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“Why are you here?” My hike of the Knobstone Trail

Why are you here? Why are you doing this? It was 2 am. Two days into my hike of Indiana’s Knobstone Trail, I lay in my tent in the cold dark, waiting for ibuprofen to dull the throbbing pain in my left knee that had woken me already and would wake me again in three hours.

It was my first backpacking trip, and I had decided, as a 49-year-old woman who had camped five times in the previous thirty years, to set out alone to thruhike the Knobstone Trail, a trail that is not only the hardest in Indiana (I mean, big deal, right?), but, the cognoscenti agree, a legitimately hard trail.

“How hard can it be, really?”

Earlier in the day on day 2, I had concluded with absolute certainty that I would not be able to complete the planned trek: according to the mile markers a 47-mile hike, but according to the AllTrails app, which clocked 1.1 or 1.2 miles between each of the mile markers, it was going to be more like 52 miles. There was Just. No. Way. that I could do that—I’d had my doubts about my ability to do 47 miles in four days, but at that point, one and a half days in and intimately aware of how difficult the terrain was, I knew that I couldn’t have done 47 miles of those steep ascents and descents and that I sure as hell wasn’t going to do 52. I thought maybe I’d stay on trail the full four days and just go as far as I could . . . but now, 12 hours later with a knee that wouldn’t let me sleep, it seemed that the wisest thing to do would be to hope my knee would let me make it six more miles to the next trailhead and then get a ride back to my car.

I’d had some scary moments on the second day—one descent so steep that I had crab-crawled on my ass down the dilapidated log-and-railroad-tie stairs, angling my too-heavy pack back so that if I fell I’d fall up rather than down. That evening, on a less-perilous descent into another valley, I’d felt faint, the potentially dangerous outcome of how stress kills my appetite, a thing I knew about from emotionally stressful periods going back forever but never realized happened with physical stress, too, because this was the hardest physical thing I’d ever done. I sat down right where I was, scooting over so that a tree was between me and falling down the hill, and ate soy jerky and Sunkist candy and then set a timer so I wouldn’t get up and try to keep going until some of that had gotten into my bloodstream.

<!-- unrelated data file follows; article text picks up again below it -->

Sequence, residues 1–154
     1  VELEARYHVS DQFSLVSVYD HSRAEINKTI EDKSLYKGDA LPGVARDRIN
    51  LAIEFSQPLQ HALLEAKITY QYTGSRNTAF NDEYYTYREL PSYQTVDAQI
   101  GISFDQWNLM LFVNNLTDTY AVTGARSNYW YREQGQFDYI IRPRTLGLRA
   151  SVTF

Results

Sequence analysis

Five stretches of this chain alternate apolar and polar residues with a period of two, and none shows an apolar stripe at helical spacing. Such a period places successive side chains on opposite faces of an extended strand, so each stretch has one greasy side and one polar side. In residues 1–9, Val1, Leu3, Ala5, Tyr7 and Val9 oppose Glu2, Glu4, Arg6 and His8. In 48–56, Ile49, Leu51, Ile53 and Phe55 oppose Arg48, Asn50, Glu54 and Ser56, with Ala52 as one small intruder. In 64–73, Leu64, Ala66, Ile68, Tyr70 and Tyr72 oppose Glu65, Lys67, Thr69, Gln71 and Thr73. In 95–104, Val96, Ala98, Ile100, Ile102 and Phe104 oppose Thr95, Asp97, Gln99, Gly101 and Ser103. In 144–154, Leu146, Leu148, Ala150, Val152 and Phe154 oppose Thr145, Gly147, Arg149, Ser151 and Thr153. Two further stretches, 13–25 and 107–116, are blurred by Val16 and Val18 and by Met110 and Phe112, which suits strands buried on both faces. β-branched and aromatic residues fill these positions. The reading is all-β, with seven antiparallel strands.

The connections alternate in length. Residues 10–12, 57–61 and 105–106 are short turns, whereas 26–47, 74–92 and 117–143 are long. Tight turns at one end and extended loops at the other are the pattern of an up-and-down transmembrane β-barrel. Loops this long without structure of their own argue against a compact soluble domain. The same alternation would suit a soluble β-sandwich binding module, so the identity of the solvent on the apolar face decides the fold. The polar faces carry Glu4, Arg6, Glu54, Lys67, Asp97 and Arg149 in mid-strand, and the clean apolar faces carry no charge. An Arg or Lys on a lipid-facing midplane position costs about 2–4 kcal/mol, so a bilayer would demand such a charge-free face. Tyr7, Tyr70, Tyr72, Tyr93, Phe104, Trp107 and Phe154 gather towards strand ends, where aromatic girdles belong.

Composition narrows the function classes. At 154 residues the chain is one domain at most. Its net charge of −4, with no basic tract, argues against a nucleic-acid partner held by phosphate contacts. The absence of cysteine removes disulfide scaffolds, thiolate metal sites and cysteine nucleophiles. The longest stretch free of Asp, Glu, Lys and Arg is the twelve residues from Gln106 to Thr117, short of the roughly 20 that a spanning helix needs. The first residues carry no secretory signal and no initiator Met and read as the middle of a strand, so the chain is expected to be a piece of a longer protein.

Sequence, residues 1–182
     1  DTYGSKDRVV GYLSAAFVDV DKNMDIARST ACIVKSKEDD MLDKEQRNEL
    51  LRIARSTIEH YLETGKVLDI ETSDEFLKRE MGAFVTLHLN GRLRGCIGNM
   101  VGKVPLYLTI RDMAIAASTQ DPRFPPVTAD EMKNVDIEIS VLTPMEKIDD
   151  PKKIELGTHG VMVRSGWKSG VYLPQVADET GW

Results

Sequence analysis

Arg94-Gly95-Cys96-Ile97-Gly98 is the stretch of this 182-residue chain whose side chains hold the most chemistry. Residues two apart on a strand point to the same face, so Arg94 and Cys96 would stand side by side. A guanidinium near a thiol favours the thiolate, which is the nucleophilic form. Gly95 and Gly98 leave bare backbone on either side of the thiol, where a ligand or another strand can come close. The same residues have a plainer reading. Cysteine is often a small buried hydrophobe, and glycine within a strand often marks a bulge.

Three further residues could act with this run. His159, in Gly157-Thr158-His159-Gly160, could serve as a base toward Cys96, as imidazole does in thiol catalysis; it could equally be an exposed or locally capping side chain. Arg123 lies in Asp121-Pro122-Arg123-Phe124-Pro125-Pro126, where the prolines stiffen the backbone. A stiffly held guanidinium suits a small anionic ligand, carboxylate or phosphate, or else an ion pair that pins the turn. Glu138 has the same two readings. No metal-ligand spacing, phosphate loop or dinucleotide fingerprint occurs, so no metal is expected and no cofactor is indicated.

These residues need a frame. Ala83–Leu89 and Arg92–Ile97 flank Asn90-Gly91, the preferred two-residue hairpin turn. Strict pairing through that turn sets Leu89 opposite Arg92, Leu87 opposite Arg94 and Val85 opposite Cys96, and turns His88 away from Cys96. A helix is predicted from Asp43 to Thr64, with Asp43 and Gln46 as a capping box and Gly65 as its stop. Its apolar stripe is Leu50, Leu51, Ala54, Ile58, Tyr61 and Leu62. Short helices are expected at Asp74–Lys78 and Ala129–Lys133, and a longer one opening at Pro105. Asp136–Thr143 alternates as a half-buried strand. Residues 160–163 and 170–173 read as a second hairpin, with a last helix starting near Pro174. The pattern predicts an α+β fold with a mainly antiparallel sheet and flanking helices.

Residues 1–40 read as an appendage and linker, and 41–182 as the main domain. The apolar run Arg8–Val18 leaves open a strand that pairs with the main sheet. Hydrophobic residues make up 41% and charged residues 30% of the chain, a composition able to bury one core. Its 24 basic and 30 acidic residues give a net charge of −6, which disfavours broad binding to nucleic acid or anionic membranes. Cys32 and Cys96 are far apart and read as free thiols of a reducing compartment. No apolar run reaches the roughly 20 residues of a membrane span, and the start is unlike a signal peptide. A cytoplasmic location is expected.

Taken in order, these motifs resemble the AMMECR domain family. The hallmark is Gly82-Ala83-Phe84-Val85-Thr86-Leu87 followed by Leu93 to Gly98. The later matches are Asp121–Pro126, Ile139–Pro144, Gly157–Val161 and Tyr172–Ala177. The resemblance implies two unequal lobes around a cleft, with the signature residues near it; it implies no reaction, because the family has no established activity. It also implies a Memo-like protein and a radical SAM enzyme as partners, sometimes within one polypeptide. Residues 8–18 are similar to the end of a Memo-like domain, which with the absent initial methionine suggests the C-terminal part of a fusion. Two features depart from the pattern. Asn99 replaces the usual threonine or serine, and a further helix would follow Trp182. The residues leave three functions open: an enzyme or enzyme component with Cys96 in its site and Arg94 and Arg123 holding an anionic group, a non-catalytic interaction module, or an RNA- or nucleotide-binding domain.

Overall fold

This is a view of the easier half of that monster hill.

Scary moments, and now my knee hurt, but this wasn’t going to be an abject failure—I probably wasn’t going to be medevac’d out, and I was even camping that night with a friendly father-daughter pair who had happened upon me and asked if we could camp together, so if my knee was worse in the morning, I wouldn’t be alone. But the trip also wasn’t going to be a stunning success. What was it going to be, then? A decade into the social media era, it feels almost natural that if I do something, I have to figure out how it becomes a story. In the Before Times, only the people who loved you the most in the world would ever actually see your damn vacation pictures, but now, if you don’t post about something cool you did, did it actually even happen? But here I was lying awake, not sure what to think about the experience I was having and not even sure I wanted to solicit people’s attention online by posting anything about it at all. But if this wasn’t going to become part of my story, part of my what-we-call-“personal-brand,” then, the questions recurred, Why are you here? Why are you doing this?

If I wasn’t out here kicking my own ass on purpose in order to get attention and approval and likes and “You go, girl”s and “I wish I could do that”s . . . if that truly wasn’t it, then what was it? I needed to answer the questions before I could go back to sleep.

Well, for one thing, I haven’t felt depressed since last June, and I started exercising in July. It was true. I started trail biking in July, did some indoor running when the weather got cold, and then added hiking in January. I got through the pandemic without sinking into depression, with my anxiety in check. That’s good. That’s intrinsically good, intrinsically worth it. And though there are no guarantees, it’s likely that I will live longer, and be healthy longer, by getting serious about exercising now. Can’t argue with that. That’s a good one. There was a third thing, but I had forgotten it by morning.